Friday, September 21, 2018

Mel Brooks: King of the Politically Incorrect

Mel Brooks: King of the Politically Incorrect

October 11, 2011 in 2010 November-December
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What is it that makes your humor recognizably Jewish?
Philosophically, I’d say Jews are a long-suffering people. We have suffered many pogroms, many anti-Semitic periods, and I try to remind the world of this in a funny way. In History of the World, Part I, I have a whole middle section devoted to the Inquisition. It’s not in good taste, but it’s a good reminder that the Jews were tortured. I do the same thing in The Producers with Springtime for Hitler. You gotta keep it funny no matter what. I once said that there’s got to be one meshugenah for every 10 Jews to keep them laughing so they won’t sink into total depression. Comedy was very important for the Jewish people. Otherwise it could be just dark clouds over your head all the time, and that’s no good.

What makes Jewish humor funny?
I don’t know. I think sometimes the Jews are very cruel and I’m very cruel because we make fun of cripples and misfits. Hickadicka, I think that means hunchback. The Ritz Brothers had this guy Harry Ritz who would do misfortunates. This tradition may have come from Ukraine, where Jews had fun making fun of stutterers and double­talkers and missteppers. Anyway, Harry Ritz was very funny, and following in his footsteps were Sid Caesar and Jerry Lewis and people who did funny faces and physical comedy. Strangely enough, Jerry Lewis’s crazy funny walk stems from this. This tradition comes from Yiddish theater too.
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Have you ever encountered anti-Semitism?
I felt sorry for anybody who wasn’t Jewish when I was a little kid. When there was a Polish Catholic kid or a German or Italian in my neighborhood, I really felt sorry for them, these minorities. I thought Christians were a minority, I really did. Morning, noon and night all I ran into were Jews. It’s true. Then when I grew up and was in the army, I was amazed at how many people were not Jewish, I just couldn’t get over it. My sergeant isn’t Jewish, my captain isn’t Jewish, my colonel, what the hell is going on here? It was a rude awakening. I was sent down from Brooklyn to Virginia Military Institute, part of the Army specialized training program. Everybody in Virginia was gentile, I couldn’t believe it. Finally I went to Richmond and there was a synagogue and I said, “Oh my God, there’s some sanity here.”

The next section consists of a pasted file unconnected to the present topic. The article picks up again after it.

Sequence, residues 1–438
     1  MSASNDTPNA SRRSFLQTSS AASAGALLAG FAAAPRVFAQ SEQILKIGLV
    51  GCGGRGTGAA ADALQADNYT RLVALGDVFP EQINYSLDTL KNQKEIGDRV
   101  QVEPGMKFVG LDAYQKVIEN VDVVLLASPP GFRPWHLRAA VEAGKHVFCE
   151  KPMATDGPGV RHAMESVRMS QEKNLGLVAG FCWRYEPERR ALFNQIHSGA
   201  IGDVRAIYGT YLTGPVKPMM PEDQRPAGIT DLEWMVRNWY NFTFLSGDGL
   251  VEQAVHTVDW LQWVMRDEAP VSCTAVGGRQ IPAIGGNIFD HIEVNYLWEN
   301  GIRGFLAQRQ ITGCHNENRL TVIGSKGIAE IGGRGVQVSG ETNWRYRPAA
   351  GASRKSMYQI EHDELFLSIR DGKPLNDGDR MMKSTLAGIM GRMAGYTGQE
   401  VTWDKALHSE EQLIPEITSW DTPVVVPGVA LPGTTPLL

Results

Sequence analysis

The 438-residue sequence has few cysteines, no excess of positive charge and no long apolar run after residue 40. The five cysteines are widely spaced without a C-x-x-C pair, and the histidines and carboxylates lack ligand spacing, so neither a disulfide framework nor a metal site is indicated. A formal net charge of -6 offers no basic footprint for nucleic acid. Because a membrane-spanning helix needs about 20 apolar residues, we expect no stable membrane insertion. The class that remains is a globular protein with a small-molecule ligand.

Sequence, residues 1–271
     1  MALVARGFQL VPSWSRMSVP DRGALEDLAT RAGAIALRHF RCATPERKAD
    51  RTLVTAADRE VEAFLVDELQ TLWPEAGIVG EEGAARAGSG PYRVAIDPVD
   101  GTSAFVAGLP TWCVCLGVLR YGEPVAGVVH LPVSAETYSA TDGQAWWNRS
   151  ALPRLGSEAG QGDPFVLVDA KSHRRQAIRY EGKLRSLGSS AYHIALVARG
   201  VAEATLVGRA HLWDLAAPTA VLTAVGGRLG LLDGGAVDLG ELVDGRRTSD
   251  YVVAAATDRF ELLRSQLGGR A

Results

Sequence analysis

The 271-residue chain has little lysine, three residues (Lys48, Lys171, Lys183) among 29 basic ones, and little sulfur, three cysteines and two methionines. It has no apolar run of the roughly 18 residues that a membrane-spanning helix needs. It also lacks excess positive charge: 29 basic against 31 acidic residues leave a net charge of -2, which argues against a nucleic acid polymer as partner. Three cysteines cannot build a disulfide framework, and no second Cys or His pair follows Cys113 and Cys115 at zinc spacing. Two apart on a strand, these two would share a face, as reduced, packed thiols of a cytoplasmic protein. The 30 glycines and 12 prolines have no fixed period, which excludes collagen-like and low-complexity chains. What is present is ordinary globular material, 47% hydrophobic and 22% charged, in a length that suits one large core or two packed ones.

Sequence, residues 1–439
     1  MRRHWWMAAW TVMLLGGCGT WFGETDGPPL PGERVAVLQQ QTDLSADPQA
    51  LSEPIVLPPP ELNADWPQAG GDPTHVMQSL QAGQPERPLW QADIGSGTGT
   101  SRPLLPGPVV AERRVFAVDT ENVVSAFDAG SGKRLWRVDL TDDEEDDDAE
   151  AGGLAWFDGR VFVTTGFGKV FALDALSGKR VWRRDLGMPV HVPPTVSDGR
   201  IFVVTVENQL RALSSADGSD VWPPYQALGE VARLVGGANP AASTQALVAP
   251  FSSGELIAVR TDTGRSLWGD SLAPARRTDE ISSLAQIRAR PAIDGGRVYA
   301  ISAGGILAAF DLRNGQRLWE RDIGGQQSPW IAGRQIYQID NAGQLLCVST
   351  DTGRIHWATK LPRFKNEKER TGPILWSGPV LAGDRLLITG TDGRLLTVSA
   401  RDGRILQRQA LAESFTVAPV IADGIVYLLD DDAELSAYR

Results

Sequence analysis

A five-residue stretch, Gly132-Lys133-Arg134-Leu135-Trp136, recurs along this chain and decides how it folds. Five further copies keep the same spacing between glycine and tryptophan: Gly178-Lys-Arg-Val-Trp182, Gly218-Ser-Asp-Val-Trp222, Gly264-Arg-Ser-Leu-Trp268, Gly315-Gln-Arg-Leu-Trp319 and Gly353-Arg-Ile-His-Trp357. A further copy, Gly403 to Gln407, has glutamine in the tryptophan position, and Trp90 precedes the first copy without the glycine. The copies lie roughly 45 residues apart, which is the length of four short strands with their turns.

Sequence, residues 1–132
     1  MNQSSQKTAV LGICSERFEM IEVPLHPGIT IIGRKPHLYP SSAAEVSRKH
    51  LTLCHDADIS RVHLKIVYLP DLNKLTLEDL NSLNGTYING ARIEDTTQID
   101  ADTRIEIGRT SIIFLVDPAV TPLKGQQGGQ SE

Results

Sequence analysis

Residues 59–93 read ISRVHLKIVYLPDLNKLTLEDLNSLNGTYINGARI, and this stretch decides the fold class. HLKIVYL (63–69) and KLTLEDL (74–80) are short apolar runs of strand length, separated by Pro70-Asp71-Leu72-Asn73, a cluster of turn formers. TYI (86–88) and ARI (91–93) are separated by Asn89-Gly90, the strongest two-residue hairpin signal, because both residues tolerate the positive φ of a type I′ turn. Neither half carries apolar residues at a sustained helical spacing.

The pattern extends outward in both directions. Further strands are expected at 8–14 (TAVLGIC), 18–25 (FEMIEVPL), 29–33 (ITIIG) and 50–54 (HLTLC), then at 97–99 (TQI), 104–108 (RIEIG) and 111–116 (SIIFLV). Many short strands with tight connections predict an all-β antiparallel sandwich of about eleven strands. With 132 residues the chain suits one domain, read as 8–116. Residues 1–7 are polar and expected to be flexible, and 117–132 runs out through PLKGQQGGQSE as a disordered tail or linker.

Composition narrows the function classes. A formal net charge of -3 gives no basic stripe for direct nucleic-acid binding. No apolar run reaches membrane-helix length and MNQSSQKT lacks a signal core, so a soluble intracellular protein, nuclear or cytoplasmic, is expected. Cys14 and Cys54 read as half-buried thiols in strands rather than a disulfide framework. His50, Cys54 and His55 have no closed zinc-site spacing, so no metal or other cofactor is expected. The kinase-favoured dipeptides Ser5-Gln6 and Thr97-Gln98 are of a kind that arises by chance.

Did people treat you differently because you were Jewish?
Some did. There wasn’t so much anti-Semitism in Virginia, strangely enough, because they just didn’t experience Jews, so therefore not knowing them they didn’t have to hate them. Nobody asked, “Hey, are you Jewish?” because they didn’t know there was such a thing. But I found anti-Semitism in places like New Jersey and Pennsylvania.

What form did anti-Semitism take?
You’d hear things like “You dirty Jew,” “You kike.” One time I had just finished putting my mess kit in hot water and soap when this guy behind me said, “Come on, you dirty Jew, move it.” Without thinking I turned around— I’m lucky he was wearing his helmet liner—I smashed him over the head with all my might with my mess kit and I knocked him out. I was brought up on charges, but when the lieutenant heard what had happened, he said, “OK, forget about it.” No one bothered me after that. I was a tough Jew from Brooklyn.

Did your time in the army form or change your sense of humor?
No, no, I still entertained the troops. One time we heard Germans just across the river and their loudspeaker was on. They were singing in their camp. I got on a megaphone and started singing Toot Toot Tootsie Goodbye. I think I heard applause from the other side, I think they liked it. My guys went crazy. They loved me serenading the Germans.

Was being in the Army your first time entertaining non-Jews?
Of course, I had a wide audience from all over the country, so I had to find enough ubiquitous stuff to make them all laugh, enough universal ideas. It helped me a lot in forming my kind of humor. When I began writing for Your Show of Shows, human frailty was the basis of my humor or the human condition or what humans have to go through and suffer. So that was how we wrote sketches for Sid Caesar. We never wrote jokes. When he did a stand-up, he would do an impression of a person and a situation. He never just said, “I met a girl who was so skinny, the waiter said check your umbrella.”

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